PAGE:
The EU’s two Delegated Acts defining green hydrogen and its derivatives have today become law after being published in the Official Journal of the European Union.

The new rules on so-called Renewable Fuels of Non-Biological Origin will come into force in 20 days.

“This means legal certainty for both producers and consumers of renewable hydrogen, and is a pivotal step to attract the necessary investments to decarbonise our energy system,” said EU energy commissioner Kadri Simson.

One of the acts sets out methodology for calculating greenhouse gas emissions from renewable and recycled carbon fuels to ensure a 70% reduction in CO2-equivalent between the nearest comparable fuel.

The other, more controversial act defines the rules for what counts as “renewable” hydrogen (or one of its derivatives). These include:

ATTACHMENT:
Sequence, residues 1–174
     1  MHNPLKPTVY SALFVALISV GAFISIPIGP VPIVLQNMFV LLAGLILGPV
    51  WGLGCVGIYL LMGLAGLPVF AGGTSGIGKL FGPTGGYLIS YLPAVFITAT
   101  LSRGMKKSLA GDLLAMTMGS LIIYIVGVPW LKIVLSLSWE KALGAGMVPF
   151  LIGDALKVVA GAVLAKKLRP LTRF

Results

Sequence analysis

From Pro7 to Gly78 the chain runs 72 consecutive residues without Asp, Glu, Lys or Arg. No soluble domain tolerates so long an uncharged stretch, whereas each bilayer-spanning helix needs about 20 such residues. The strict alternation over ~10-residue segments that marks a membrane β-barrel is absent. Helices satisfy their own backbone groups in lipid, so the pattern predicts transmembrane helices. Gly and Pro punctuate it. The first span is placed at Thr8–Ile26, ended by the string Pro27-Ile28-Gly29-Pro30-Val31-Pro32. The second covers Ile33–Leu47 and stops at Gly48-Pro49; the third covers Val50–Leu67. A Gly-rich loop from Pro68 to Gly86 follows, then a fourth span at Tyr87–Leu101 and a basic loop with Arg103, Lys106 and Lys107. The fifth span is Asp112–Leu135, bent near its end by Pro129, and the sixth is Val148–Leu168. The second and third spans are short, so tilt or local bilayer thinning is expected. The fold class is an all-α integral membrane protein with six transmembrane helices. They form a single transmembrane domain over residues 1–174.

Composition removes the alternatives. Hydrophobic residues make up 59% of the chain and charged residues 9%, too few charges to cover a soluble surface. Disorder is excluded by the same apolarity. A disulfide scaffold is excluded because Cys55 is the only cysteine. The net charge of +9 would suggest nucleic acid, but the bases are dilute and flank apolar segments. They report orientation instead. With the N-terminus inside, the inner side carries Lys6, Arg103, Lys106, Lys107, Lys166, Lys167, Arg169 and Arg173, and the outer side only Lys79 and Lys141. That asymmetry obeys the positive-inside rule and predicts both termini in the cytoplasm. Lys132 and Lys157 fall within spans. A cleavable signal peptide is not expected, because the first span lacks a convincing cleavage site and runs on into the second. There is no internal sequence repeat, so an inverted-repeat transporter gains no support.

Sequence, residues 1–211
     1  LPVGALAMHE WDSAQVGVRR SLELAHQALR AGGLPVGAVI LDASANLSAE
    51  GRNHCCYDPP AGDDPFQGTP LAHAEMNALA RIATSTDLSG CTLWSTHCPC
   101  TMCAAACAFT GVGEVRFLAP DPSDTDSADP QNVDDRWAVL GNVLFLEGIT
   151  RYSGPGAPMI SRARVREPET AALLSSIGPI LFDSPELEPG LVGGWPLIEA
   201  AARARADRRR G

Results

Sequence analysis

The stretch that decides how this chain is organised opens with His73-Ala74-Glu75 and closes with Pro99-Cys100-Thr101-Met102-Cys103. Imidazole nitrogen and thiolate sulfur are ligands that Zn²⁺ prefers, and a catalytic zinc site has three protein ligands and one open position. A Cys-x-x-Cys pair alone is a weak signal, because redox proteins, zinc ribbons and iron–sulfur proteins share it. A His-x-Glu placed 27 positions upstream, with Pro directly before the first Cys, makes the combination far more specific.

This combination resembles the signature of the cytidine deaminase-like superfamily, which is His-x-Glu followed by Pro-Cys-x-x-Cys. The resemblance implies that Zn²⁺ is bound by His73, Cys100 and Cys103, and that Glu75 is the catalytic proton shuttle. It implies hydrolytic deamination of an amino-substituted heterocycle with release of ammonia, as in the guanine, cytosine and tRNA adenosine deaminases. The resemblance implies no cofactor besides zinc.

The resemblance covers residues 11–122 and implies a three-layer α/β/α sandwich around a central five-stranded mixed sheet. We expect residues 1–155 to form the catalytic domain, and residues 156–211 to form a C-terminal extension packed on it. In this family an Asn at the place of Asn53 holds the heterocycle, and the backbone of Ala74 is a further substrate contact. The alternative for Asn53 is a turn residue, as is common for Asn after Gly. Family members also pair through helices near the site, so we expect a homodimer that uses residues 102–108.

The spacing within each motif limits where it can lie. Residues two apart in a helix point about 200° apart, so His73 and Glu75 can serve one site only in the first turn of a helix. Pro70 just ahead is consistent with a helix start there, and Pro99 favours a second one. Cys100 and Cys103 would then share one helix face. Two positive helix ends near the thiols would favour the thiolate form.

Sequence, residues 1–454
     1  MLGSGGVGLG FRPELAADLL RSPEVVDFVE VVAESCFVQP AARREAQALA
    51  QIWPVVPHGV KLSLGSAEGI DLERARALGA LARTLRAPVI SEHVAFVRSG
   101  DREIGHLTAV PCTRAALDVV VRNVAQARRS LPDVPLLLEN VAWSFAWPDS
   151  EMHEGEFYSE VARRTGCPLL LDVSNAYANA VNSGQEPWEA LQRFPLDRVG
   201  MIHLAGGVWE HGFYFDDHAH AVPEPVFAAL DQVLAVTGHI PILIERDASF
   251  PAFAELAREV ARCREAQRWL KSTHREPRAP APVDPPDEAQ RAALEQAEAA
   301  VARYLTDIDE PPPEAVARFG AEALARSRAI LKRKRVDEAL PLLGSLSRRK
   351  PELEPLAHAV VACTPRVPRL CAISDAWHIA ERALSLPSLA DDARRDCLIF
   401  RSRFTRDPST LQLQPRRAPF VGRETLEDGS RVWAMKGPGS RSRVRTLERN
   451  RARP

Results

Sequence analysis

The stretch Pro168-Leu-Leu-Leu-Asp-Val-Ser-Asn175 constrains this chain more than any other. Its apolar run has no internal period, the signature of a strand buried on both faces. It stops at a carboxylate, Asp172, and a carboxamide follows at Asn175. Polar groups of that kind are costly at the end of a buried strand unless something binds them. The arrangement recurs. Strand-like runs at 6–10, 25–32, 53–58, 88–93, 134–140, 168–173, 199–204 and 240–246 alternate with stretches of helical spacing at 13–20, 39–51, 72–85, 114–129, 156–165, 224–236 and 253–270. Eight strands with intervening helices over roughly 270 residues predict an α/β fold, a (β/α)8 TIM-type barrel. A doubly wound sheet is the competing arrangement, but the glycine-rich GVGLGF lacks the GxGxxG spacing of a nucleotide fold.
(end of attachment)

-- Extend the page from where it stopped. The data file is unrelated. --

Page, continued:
• Additionality: Developers will have to install new renewable energy assets at most three years before the electrolyser starts producing hydrogen
  • Temporal correlation: Hydrogen production has to be matched to renewable electricity production on a monthly basis up until the start of 2030, when it will have to be matched within the same one-hour period
  • Geographical correlation: The renewable energy assets have to be located in the same electricity bidding zone as the electrolyser

These rules are set to equally apply to green hydrogen imported into the EU, thereby setting a kind of global standard for countries that hope to export renewable H2 to Europe.

The EU aims to produce ten million tonnes of green hydrogen by 2030, while importing the same amount from outside the bloc.

Hydrogen Europe boss Jorgo Chatzimarkakis has described the rules as a “straitjacket” that will unnecessarily increase the price of production and put off potential exporters of green H2.

In the US, where the Treasury is supposed to unveil its definition of green hydrogen this summer — which is a necessary step ahead of the roll out of clean H2 tax credits — major hydrogen companies have been lobbying against any kind of additionality requirements.